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St. Barts

Great Destination:

Value for Money:

Total Stars:

Personality Types that Like it Best

Did You Know … ?

  • On discovering the island in 1493, Christopher Columbus named it for his brother, Bartolomeo.
  • In 1784, France traded the island to Sweden for a warehouse in Gothenburg.
  • The capital Gustavia is named for Sweden’s King Gustav III.
  • St. Barts is less than an eighth the size of Washington, D.C.
  • Sweden freed the island’s few slaves in 1847, and most left for the U.S. Virgin Islands.

Small and exclusive

Part of the French West Indies, St. Barts is similar to other Caribbean islands with its warm, clear waters, white sand beaches and casual atmosphere. But it is also unique. French culture, language and attitudes dominate the island, and locals can be a bit surly with visitors who don’t speak French. Take comfort, though, English is spoken at most hotels and restaurants.

Many refer to the island as the St. Tropez of the Caribbean. It has the finest luxury shopping in the Caribbean and a number of its 80-plus restaurants have four-star ratings. It attracts the rich and famous such as Steve Martin, David Letterman and Donna Karan who stay in private villas.

It has preserved and protected its natural wonders, which led Conde Nast Traveler magazine to name it “one of the 20 most enduring Edens.” A number of its beautiful, pristine beaches offer privacy and seclusion. It’s likely to remain that way because of the difficulty of getting to it. The island is sexy and hedonistic with topless sunbathing even at family friendly beaches. But, surprisingly for the French, nudity is generally banned. Like most sun-and-fun spots, it offers a variety of options for water sports.

Before making this choice though, consider some other facts. Covering only eight square miles, the arid, rocky island doesn’t fit the image of a lush Caribbean paradise. Nightlife, except for a few bars, is almost nonexistent.

Only small commuter planes serve St. Barts (mostly from St. Martin). Alternatively, visitors can take a ferry or water taxi to get to the island. Pilots receive special training to land at St. Barts’ small airport, especially on windy days which can give an exciting ride — even for those taking a ferry across the water.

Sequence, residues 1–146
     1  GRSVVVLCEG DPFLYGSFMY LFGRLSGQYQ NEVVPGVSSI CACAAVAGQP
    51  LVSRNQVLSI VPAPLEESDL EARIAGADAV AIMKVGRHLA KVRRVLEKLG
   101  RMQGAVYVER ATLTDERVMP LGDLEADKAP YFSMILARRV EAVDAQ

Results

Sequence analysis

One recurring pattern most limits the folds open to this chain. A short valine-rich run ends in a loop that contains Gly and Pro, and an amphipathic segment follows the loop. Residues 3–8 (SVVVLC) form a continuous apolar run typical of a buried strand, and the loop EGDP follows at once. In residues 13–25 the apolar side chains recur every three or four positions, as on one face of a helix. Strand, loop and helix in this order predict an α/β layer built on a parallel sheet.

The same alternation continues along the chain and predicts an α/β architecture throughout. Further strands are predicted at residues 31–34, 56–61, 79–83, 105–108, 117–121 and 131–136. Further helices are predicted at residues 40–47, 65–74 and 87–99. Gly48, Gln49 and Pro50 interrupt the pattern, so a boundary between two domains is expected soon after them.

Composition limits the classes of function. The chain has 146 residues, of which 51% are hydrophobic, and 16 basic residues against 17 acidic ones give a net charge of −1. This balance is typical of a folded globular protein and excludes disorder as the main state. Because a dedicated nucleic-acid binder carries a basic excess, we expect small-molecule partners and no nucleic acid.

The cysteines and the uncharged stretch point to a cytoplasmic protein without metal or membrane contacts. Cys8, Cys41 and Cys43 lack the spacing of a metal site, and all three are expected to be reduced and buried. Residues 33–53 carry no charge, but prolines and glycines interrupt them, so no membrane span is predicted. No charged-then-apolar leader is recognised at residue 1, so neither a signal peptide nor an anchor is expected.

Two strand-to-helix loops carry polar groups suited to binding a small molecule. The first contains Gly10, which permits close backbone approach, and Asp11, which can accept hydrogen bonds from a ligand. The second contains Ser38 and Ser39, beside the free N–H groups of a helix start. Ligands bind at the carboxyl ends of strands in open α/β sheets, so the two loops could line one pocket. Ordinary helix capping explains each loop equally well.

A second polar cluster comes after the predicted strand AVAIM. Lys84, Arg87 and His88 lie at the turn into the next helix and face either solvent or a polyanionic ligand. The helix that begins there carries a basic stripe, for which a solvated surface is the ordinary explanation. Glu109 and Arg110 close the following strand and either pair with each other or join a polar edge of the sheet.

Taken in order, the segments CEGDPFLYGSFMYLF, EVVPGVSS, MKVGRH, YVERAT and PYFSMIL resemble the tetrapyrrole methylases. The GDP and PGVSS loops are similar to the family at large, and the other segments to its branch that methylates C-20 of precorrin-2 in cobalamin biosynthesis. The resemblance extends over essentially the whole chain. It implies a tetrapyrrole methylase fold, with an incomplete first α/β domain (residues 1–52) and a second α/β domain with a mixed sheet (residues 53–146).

It is the most expensive of all Caribbean islands because it is not self-sustaining. Food, water and fuel must be brought in, and they come mostly from France. Nevertheless, all things considered, St. Barts gets high ratings in our surveys. For those who have the money and want a secluded, laid-back vacation, this may be just the right spot.

Things to do for Venturers

  • Scuba diving and snorkeling are a great way to see nurse sharks, lobster, conch and green sea turtles in the waters surrounding St. Barts.
  • Hike to some of the sheltered inlets that can only be reached on foot or by boat.
  • Do some kite surfing at Grand Cul-de-Sac Beach, the most popular area for this activity.
  • Explore the island on horseback, a wonderful way to enjoy the warm tropical sun and see great vistas.
  • Give your venturous self a rest. Totally unwind from your hectic schedule back home with no TV, newspapers or other intrusions from the real world.
  • If you want true seclusion, Anse Colombier Beach can only be reached by boat or a half-hour walk down a goat trail. Topless sunbathing is allowed.

Things to do for Centrics

  • Learn sailing or windsurfing at Grand Cul-de-Sac Beach, a bay which is closed off from currents by a reef.
  • Head to Petite Colombe bakery in Lorient for a morning French pastry or a chocolate fix where waiters will serve you with attitude if you don’t speak French.
  • Drive a rental car around the island. Some roads are narrow and steep, so choose a small car.
  • Or, take an air-conditioned public bus that goes around the island. It costs only about U.S. $15.
  • If you truly hunger for entertainment, Bete a Z’Ailes, La Plage and Nikki Beach sometimes have live entertainers at their bars on weekends. It can be ear-splitting.
  • Visit Saline Beach, the island’s largest and most popular, where gay (sometimes nude) bathers are on your right and topless straight visitors usually go to the left.

Things to do for Authentics

  • Splurge a bit and buy the latest French fashion or jewelry piece at Calypso shop in Gustavia, the capital city.
  • Have dinner and watch the sun set in Lurin from Cafe Santa-Fe perched atop a high peak with a stunning island panorama view.
  • Or hang around the beach at Baie de St.-John where you might run into some of the rich and famous.
  • Take your family to Shell Beach because it has little surf, allowing children to play safely.
  • Take an afternoon off for a short trip to St. Martin, St. Thomas or St. Croix to play a round of golf. No course exists on St. Barts.
  • St. Barts lacks a movie house but you can gather on Saturday nights at the A.J.O.E. tennis courts in Lorient to watch a recent movie projected on a huge painted wall. It has serve-yourself chairs and a stand for popcorn and hot dogs.

Additional Resources

For more information, consult the St. Barts Tourism Committee at and choose your language.